author = "Baker, {Julien S.} and Bruce Davies",
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Brief intensity exercise and resistive force selection in obese/overweight subjects : body mass or composition. / Baker, Julien S.; Davies, Bruce.

In: Medicine & Science in Sports & Exercise, Vol. 38, No. 5, 01.05.2006, p. S315-S315.

Research output: Contribution to journalConference article

TY - JOUR

T1 - Brief intensity exercise and resistive force selection in obese/overweight subjects

T2 - body mass or composition

AU - Baker, Julien S.

AU - Davies, Bruce

PY - 2006/5/1

Y1 - 2006/5/1

N2 - PURPOSEThe purpose of this study was to compare the maximal exercise performance of overweight and obese subjects during friction braked cycle ergometry of 10 s duration when resistive forces reflected total-body mass (TBM) or fat-free mass (FFM).METHODSData collection was administered using a single blind, cross – over design. Subjects were assigned in random to either the TBM or FFM protocol. 11 healthy, overweight, male university students (age 22.3 ± 2 yrs, body fat 27.1 ± 2 %) participated in the study. Body composition was assessed using underwater weighing procedures. Fat mass was ascertained from body density values. Power outputs were calculated using high intensity cycle ergometry.RESULTSDifferences (P ≥ 0.01) in peak power output (PPO) were found between TBM and FFM (1029 ± 98 W TBM vs. 1397± 146WFFM). Significant decreases (P < 0.05) were observed for the time taken to reach PPO (4 ± 1.4sTBMvs2± 1 s FFM). Pedal velocity significantly increased (P ≥ 0.01) during the FFM protocol (98.2 ± 9.7 rpm TBM vs. 139.6 ± 6.6 rpm FFM) and resistive forces significantly decreased (7.5 ± 0.4 kg TBM vs. 5.5 ± 0.4 kg FFM).CONCLUSIONSThe findings of this study suggest that greater peak power outputs are obtainable when resistive forces reflect FFM as opposed to TBM. The results have implications that relate to both the pathology of disease, related clinical examinations and exercise prescription in overweight populations.© 2006 American College of Sports Medicine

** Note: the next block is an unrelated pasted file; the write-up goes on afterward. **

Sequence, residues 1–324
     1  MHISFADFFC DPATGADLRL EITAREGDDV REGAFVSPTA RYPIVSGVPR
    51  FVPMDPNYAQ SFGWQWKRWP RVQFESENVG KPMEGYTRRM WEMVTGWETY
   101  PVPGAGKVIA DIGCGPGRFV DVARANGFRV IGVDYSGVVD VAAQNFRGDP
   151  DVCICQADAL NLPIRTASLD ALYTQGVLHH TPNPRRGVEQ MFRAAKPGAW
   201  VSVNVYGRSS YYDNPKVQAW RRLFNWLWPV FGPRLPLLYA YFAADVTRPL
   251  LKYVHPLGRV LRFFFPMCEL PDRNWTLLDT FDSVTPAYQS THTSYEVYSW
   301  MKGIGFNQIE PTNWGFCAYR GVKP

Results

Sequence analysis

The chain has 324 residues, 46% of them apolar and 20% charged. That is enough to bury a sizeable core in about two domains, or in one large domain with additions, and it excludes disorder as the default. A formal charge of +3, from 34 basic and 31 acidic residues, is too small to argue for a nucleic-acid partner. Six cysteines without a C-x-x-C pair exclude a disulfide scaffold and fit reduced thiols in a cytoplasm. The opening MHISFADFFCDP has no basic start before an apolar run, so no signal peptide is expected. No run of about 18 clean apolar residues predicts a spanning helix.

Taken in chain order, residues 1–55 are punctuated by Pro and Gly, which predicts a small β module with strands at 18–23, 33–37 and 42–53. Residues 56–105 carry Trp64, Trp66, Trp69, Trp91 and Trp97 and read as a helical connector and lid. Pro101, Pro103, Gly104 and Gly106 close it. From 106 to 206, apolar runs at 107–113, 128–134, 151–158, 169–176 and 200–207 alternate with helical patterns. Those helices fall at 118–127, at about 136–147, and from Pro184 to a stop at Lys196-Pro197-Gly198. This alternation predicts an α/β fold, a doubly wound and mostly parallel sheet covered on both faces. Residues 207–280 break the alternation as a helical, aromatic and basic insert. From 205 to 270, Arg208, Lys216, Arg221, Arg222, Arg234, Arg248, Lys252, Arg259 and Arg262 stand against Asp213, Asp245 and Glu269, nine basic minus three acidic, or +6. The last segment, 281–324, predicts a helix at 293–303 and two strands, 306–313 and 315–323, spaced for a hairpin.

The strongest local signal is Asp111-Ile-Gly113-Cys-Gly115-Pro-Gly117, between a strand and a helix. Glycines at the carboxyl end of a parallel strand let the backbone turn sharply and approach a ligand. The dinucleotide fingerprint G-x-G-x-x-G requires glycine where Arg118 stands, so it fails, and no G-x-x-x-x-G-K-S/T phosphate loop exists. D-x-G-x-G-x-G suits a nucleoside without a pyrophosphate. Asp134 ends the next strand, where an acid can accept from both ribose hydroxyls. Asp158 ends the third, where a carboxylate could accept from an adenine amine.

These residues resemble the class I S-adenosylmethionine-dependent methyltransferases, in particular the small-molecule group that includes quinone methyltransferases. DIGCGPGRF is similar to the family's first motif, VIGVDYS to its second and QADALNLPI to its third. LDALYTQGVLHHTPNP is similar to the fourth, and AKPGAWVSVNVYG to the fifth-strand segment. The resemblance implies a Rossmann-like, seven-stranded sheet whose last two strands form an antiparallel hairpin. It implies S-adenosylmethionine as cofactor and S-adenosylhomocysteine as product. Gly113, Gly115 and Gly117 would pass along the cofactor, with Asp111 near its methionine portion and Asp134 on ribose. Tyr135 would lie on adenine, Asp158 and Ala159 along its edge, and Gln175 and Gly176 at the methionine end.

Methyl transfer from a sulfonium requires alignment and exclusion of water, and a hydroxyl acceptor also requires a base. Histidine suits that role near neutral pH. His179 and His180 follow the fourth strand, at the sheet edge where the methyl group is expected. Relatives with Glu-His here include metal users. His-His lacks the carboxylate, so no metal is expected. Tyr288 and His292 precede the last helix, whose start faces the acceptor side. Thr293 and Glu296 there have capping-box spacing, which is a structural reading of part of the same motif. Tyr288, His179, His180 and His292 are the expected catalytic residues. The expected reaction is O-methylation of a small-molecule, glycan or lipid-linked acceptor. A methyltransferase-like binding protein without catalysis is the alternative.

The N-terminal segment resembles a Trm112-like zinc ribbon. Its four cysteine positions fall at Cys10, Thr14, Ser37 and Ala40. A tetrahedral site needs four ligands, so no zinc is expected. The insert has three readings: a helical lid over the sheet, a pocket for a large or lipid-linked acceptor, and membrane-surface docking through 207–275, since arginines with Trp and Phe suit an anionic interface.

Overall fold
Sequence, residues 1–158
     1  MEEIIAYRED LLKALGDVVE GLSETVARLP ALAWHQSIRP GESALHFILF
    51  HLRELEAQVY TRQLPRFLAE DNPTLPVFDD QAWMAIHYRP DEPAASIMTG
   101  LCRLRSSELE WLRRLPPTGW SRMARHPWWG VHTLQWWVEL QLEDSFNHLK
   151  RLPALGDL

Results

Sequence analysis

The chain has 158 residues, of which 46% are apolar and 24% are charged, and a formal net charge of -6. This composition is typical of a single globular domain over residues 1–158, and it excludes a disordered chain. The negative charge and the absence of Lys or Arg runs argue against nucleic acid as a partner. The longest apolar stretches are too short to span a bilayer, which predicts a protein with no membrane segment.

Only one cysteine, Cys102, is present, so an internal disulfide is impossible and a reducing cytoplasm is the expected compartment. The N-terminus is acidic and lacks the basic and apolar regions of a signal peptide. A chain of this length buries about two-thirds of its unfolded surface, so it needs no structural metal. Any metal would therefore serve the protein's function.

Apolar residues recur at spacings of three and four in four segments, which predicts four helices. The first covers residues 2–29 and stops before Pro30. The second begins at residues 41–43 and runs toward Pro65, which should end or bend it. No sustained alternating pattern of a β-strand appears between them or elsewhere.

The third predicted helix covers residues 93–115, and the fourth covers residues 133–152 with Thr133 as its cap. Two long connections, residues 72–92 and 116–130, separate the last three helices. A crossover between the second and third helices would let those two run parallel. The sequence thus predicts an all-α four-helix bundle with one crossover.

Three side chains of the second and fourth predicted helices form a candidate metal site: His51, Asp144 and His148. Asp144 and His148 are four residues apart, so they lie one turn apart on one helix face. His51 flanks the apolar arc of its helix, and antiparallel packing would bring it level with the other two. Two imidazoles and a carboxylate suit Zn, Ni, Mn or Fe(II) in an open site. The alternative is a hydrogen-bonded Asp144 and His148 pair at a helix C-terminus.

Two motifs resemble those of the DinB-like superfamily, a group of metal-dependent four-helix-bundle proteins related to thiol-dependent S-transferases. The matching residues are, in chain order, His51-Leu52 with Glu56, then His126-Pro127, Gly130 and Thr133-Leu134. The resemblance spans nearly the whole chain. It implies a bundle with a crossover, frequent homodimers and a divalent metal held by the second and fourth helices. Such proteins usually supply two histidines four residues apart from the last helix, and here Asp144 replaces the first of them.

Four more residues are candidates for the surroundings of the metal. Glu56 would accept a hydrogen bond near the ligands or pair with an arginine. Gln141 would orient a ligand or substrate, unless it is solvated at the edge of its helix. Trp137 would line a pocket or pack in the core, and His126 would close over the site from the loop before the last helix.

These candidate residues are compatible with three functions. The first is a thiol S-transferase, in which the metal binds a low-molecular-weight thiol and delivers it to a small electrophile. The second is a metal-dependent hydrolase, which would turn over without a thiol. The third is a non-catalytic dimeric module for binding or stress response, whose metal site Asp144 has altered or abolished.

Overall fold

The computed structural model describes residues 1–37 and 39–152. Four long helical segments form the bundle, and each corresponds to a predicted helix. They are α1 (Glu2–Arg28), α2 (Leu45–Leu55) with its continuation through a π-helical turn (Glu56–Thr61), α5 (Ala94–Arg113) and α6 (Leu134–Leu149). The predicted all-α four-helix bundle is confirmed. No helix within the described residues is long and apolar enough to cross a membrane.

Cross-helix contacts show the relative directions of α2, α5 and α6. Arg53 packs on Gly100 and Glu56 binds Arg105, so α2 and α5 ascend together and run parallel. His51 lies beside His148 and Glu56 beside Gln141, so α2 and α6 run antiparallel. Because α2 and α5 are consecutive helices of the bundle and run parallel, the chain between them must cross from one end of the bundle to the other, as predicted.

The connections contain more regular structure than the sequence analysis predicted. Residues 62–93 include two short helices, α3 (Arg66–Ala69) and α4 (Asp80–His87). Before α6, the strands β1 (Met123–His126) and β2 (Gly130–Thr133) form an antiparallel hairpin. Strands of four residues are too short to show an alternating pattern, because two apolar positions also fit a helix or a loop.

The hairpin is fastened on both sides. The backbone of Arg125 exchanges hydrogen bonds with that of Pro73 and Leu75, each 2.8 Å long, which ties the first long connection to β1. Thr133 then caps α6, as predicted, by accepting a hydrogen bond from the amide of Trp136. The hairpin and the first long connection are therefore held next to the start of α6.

AB - PURPOSEThe purpose of this study was to compare the maximal exercise performance of overweight and obese subjects during friction braked cycle ergometry of 10 s duration when resistive forces reflected total-body mass (TBM) or fat-free mass (FFM).METHODSData collection was administered using a single blind, cross – over design. Subjects were assigned in random to either the TBM or FFM protocol. 11 healthy, overweight, male university students (age 22.3 ± 2 yrs, body fat 27.1 ± 2 %) participated in the study. Body composition was assessed using underwater weighing procedures. Fat mass was ascertained from body density values. Power outputs were calculated using high intensity cycle ergometry.RESULTSDifferences (P ≥ 0.01) in peak power output (PPO) were found between TBM and FFM (1029 ± 98 W TBM vs. 1397± 146WFFM). Significant decreases (P < 0.05) were observed for the time taken to reach PPO (4 ± 1.4sTBMvs2± 1 s FFM). Pedal velocity significantly increased (P ≥ 0.01) during the FFM protocol (98.2 ± 9.7 rpm TBM vs. 139.6 ± 6.6 rpm FFM) and resistive forces significantly decreased (7.5 ± 0.4 kg TBM vs. 5.5 ± 0.4 kg FFM).CONCLUSIONSThe findings of this study suggest that greater peak power outputs are obtainable when resistive forces reflect FFM as opposed to TBM. The results have implications that relate to both the pathology of disease, related clinical examinations and exercise prescription in overweight populations.© 2006 American College of Sports Medicine

M3 - Conference article

VL - 38

SP - S315-S315

JO - Medicine & Science in Sports & Exercise

JF - Medicine & Science in Sports & Exercise

SN - 0195-9131